LRCVB's Gina Gemberling Says City Must Capitalize On Its Assets


LRCVB's Gina Gemberling Says City Must Capitalize On Its Assets
Gina Gemberling tells Arkansas Business this week that the metro needs to build on its existing assets to attract tourists. (Jason Burt)

Gina Gemberling became chief of the LRCVB earlier this year, replacing Gretchen Hall. Gemberling joined the bureau in 2018 as vice president of sales and services, and was promoted to vice president of sales and marketing in 2020.

She previously spent 24 years working for the convention and visitors bureau in Springfield, Illinois, where she held roles in sales, service and marketing before becoming executive director.

Gemberling is also a certified destination management executive.

What is your strategy to attract conventions?

A key component of our sales strategy is always to be proactive — sell Little Rock as a top group destination. Our sales team is constantly on the road connecting with convention, meeting and sports event planners from around the country, showcasing what every corner of Little Rock has to offer. Little Rock has a variety of facilities, event venues and hotels across the city, and we’re fortunate to have large event venues like the Robinson Center, the Statehouse Convention Center, War Memorial Stadium and the Arkansas State Fairgrounds spread across town. We work hard to make sure every meeting attendee who leaves Little Rock can be a one-person billboard for all the wonderful things to do here. Positive word-of-mouth sentiment from travelers to meetings or events can significantly affect future leisure travel.  

What sorts of amenities would help central Arkansas?

From a leisure tourist’s perspective, I think it’s essential that we continue to build on the assets we have. In recent years, we’ve had tremendous growth in the city’s cycling infrastructure, and we’ve seen visitors respond favorably to those. We also want to make sure that we’re bringing exciting events to the facilities we manage: Robinson Center, the Statehouse Convention Center and the First Security Amphitheater. Popular plays, concerts and trade shows can be major tourism drivers. It’s critical that we keep those facilities we manage in peak performance shape. That entails everything from making sure the buildings look their best to ensuring their technology is state-of-the-art. Making sure that Little Rock offers our guests a best-in-class experience is vital to retaining repeat meetings and conventions business, and attracting new clients.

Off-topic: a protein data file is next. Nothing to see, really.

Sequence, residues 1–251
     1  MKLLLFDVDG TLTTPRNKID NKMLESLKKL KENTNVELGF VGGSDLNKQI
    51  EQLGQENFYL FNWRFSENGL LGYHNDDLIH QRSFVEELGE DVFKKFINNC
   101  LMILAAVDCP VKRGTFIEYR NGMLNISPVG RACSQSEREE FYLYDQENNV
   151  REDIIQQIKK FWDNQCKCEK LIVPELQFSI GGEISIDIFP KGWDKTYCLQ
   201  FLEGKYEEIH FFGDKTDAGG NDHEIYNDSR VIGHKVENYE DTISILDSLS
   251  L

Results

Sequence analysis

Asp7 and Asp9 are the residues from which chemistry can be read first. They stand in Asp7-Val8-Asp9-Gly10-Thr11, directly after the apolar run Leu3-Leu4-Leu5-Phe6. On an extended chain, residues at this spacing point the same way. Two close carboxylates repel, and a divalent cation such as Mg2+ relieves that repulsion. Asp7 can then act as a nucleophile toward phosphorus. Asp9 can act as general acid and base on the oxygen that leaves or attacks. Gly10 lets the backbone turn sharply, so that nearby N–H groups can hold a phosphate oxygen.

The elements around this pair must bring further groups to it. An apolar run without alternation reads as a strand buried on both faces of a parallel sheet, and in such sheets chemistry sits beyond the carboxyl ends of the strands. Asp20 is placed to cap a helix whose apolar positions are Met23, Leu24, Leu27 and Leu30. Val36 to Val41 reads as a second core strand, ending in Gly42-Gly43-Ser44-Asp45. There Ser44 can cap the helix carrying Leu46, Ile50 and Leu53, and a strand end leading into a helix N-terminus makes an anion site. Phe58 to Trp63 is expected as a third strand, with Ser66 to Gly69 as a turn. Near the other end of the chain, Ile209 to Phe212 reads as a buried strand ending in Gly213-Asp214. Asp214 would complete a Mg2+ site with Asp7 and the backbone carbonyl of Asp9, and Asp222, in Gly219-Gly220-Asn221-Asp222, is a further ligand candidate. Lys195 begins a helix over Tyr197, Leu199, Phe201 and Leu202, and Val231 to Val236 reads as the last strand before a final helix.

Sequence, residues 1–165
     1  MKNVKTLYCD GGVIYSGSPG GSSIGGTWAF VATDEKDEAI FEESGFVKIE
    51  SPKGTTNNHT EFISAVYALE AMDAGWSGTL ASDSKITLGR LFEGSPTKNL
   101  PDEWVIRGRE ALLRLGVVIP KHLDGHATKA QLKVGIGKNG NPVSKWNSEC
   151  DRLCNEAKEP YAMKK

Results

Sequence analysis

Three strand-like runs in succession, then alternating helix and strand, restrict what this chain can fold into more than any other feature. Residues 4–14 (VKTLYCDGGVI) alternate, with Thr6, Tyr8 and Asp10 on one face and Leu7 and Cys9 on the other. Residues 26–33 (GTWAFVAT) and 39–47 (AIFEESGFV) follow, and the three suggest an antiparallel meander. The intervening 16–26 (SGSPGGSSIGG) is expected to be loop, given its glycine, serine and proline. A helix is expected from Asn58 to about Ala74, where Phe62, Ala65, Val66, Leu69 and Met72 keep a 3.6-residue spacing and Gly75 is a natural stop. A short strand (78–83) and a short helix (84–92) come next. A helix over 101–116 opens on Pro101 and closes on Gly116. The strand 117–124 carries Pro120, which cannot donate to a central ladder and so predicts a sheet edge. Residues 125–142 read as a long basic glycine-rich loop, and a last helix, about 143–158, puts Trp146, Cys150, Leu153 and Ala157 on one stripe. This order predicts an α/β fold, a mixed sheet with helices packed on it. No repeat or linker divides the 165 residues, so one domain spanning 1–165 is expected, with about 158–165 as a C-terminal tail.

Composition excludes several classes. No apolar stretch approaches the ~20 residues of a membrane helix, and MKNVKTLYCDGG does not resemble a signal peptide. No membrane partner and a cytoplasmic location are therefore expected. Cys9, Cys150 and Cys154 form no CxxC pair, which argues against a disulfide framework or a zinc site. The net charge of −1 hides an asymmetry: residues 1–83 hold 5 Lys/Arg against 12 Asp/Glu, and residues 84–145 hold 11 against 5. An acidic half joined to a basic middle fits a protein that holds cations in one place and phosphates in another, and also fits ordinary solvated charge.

What is the LRCVB doing to capitalize on the 2024 solar eclipse as a natural attraction?

The eclipse will be one of the largest tourism events in the history of Little Rock, and people are already starting to make their travel plans. Right now, we’re partnering with Arkansas State Tourism to make sure that the people coming here extend their visit beyond just the day of the eclipse and that they have a great experience while they’re here. Our new director of community engagement is leading our efforts to welcome the eclipse visitors and make sure Little Rock is prepared for the tourism influx.  

What did the pandemic teach you personally or in  your profession?

The pandemic really showed everyone that we can’t take tourism for granted. Tourism spending totaled $1.8 billion in Pulaski County in the year before the pandemic, and it will take time for us to recover to that level in the pandemic’s wake. For a resident, it can sometimes be easy to forget the impact that tourism has in a community, but having the entire travel economy suddenly disappear reinforced how much of an effect it has on our everyday lives and on the economic prosperity of Little Rock. It’s also given us a chance to refine our target niche markets. We’ve made great strides in marketing to additional audiences — cyclists, LGBTQ travelers and Black consumers — market segments that were specifically identified because of research conducted during the pandemic.